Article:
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1764 Bellin Map of the Great Lakes (first map to use the term 'Great Lakes')

Carte des Cinq Grands Lacs du Canada. - Main View

1764 Bellin Map of the Great Lakes (first map to use the term 'Great Lakes')


The earliest map to use the term Great Lakes. Includes four fictional islands in Lake Superior later used to draw the post-Revolutionary War US-Canada border.


Carte des Cinq Grands Lacs du Canada.
  1764 (undated)     9 x 13.5 in (22.86 x 34.29 cm)     1 : 5000000


An unusual 1764 variant edition Jacques-Nicholas Bellin influential map of the Great Lakes. This is the earliest known map to use the term 'Great Lakes'. Cartographically, this map follows Bellin's 1744 mapping of the Great Lakes. That map, preceded only by a 1742 proof noted by Kershaw, is the first to depict the four fictive islands in Lake Superior (Philippeux, Pontchartrain, Maurepas, and St. Anne) - islands that nonetheless significantly influenced the structuring of post-Revolutionary War borders between British Canada and the fledgling United States. It is also notable for being among the earliest maps to identify Detroit and the Port of Chicago. Bellin's map covers all five Great Lakes and their adjacent drainage systems in considerable detail, noting known fortifications, American Indian villages, missions, and some speculative topography (particularly in Michigan).

Bellin prepared his iconic Great Lakes map to illustrate Pierre François Xavier de Charlevoix's Histoire et description generale de la Nouvelle France. It is primarily based upon the manuscripts compiled by Gaspard-Joseph Chaussegros de Lery, a French Canadian military engineer active throughout the Great Lakes region in the early 18th century. Charlevoix himself was a Jesuit missionary and traveler commissioned by the French Crown and the Duke of Orleans to reconnoiter French holdings in the Americas. The French had just lost control of the Hudson Bay and were actively in search of a profitable route to the Pacific, which many believed lay in the network of rivers and lakes to the west of the Great Lakes. Charlevoix thus had the secondary commission to 'inquire about the Western Sea, but [to] still give the impression of being no more than a traveler or missionary.'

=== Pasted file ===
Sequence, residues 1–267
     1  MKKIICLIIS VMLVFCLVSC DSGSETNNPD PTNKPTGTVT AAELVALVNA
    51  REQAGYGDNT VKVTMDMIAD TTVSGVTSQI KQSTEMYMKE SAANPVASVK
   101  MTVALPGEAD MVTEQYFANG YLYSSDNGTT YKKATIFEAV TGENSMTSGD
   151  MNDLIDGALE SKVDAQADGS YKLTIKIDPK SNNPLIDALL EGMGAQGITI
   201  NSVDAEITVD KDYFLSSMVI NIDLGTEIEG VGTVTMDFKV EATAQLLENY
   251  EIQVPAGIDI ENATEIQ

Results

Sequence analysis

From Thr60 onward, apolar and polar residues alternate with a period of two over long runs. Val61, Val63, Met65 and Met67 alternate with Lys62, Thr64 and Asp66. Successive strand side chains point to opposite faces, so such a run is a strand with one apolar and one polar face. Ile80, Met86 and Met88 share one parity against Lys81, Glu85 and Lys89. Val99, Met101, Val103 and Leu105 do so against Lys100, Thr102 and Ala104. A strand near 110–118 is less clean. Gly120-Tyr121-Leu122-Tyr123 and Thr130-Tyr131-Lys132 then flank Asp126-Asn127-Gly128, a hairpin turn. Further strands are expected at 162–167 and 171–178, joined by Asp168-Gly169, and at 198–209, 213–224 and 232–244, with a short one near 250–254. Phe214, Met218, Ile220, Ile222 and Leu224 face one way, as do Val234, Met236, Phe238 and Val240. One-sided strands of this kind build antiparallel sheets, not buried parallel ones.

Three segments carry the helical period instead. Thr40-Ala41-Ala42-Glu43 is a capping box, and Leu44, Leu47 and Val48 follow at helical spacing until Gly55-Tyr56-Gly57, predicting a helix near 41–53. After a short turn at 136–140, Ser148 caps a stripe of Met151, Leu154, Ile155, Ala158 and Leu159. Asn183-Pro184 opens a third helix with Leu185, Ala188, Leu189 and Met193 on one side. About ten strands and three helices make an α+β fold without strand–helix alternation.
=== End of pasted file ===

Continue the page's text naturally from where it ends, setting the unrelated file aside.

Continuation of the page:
It was Charlevoix who invented the four spurious islands in Lake Superior, here noted as Philippeaux, Pontchartrain, Maurepas, and St. Anne. The islands were intended to honor Charlevoix's personal patron, the Count of Maurepas, Jean-Frederic Phelypeaux. The largest of the three islands, Philippeaux, is named directly after the count. The second largest island, Pontchartrain, refers to Phelypeaux's family estate. The third island, which may in fact be a mismapping of the factual State Islands, is named after the count's seat, Maurepas. The fourth and smallest of the islands, St. Anne, references the count's patron saint. Charlevoix described the islands as being rich in minerals leading numerous explorers to search for them in vain. Bellin dutifully introduced the four islands to his map, offered here, and such was his influence that they were subsequently copied by most subsequent cartographers, including John Mitchell in his seminal 1755 wall map of North America. The highly regarded Mitchell map was used in negotiating the 1783 Treaty of Paris that formally concluded the American Revolutionary War. Therein, the apocryphal Philippeaux was assigned as a marker for the new United States - British America border thus setting the stage, as one might image, for later political strife.